The sweetness and delights of the resting-place are in proportion to the pain endured on the Journey. Only when you suffer the pangs and tribulations of exile will you truly enjoy your homecoming. (The Mathnawi of Jalaluddin Rumi – Book 3)

John Johnston started to talk about ‘clunky-ness’ in technology as a way into digital mindfulness. Recently, on our radio show, we discussed the idea of friction in technology as potentially a way to develop digital skills that may be being lost in the ‘Generator Generation’ as they rely more and more on technology ‘creating’ for them.

I have also been following D’Arcy Norman’s quest to find space away from social media. He seems  to also have discovered the value of ‘clunky-ness’ and the tyranny of convenience.  He also speaks of adding friction as valuable,

“I’ve deleted the Twitter apps from my devices, and now if I want to check in I have to use the browser. Not having notifications or easy launching of a stream adds a bit of friction. I also have 2-factor authentication enabled, and logout after checking in, so dropping into twitter is deliberately kind of a pain in the ass.”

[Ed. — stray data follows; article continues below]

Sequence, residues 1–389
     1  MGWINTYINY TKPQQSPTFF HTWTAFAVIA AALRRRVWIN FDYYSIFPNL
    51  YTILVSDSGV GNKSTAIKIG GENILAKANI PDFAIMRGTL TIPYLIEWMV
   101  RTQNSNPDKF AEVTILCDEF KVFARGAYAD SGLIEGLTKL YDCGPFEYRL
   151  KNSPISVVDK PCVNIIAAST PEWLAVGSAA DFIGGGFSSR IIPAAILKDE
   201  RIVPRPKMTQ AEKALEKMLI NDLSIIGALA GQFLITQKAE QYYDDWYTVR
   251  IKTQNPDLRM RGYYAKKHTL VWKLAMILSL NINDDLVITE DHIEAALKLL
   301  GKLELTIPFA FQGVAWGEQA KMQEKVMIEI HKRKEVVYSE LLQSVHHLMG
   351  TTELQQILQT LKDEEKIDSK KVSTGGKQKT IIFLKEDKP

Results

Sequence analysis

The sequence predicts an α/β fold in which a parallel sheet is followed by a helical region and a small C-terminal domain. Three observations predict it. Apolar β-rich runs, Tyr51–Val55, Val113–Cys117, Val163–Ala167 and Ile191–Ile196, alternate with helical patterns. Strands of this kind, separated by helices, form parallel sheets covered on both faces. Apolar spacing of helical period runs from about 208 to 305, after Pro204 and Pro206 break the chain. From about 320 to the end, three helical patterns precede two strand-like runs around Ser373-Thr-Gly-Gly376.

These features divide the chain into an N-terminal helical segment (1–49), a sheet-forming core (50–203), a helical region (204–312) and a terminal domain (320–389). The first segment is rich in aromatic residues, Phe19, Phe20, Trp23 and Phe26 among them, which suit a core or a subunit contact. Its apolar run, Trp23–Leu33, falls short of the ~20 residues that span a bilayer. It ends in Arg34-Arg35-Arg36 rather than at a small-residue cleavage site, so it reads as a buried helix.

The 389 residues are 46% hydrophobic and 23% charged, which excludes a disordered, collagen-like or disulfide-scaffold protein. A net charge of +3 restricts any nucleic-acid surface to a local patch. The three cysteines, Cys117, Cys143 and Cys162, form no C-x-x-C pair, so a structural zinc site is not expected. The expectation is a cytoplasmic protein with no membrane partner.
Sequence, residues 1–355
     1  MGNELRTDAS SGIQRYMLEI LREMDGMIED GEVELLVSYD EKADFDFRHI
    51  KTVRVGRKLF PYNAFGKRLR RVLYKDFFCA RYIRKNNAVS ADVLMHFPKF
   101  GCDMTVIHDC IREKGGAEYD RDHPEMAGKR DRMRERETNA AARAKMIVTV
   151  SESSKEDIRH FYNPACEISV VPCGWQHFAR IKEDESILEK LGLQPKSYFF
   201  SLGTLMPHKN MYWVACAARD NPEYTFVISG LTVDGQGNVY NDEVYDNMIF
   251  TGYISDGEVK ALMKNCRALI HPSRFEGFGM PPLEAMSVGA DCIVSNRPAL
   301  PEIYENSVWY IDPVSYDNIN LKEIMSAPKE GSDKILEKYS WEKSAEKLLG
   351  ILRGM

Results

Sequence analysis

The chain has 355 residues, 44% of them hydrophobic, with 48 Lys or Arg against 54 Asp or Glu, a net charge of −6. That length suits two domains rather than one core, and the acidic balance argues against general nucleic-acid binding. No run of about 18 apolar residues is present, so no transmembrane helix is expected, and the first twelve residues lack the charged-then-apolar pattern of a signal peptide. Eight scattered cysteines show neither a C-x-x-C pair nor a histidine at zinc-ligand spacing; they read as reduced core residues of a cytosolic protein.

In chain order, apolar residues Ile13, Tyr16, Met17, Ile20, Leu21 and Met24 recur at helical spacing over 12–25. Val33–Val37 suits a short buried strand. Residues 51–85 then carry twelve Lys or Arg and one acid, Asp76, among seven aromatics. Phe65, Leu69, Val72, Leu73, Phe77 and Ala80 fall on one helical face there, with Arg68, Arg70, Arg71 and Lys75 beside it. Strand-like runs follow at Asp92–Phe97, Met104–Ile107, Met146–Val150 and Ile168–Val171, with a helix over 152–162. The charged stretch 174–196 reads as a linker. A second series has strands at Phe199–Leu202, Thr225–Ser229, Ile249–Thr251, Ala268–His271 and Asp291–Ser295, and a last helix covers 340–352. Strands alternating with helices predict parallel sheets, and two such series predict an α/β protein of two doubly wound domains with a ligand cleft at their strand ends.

How is he finding this ‘pain in the ass’ valuable?  “I find I’m thinking with less snark. I’m being less sarcastic in general. And I think that has something to do with withdrawing from the hot-take snark-and-sarcasm streams on social media.” Friction accessing social media, just making it more clunky, is allowing him to be more intentional and clearing his head of unnecessary stimuli. Interestingly, we also featured the ‘Space’ app on the Daily Stillness recently. What does it do? It makes accessing apps you use without intention a pain in the ass! From the blurb: “It loads a Moment of Zen before the apps you want space from. That re-wires your brain and helps you take back control of your habit. Because you don’t really want to dump your favourite apps: you just need Space.”

So, Cody De Haan adds further to the above, building in inefficiency is exactly the point:

Now when I pick up my phone, I see essentially a blank slate. This means that instead of seeing a bunch of triggers for distractions, I wind up pausing for a moment to think about what I’m doing. Often I lock my phone again and set it back down, realising that I was just in an avoidant state or trying to distract myself from what I really want to be doing. […] I think the slight delay in typing the app name I’m looking for is balanced out by the time I save not mindlessly scrolling through my apps.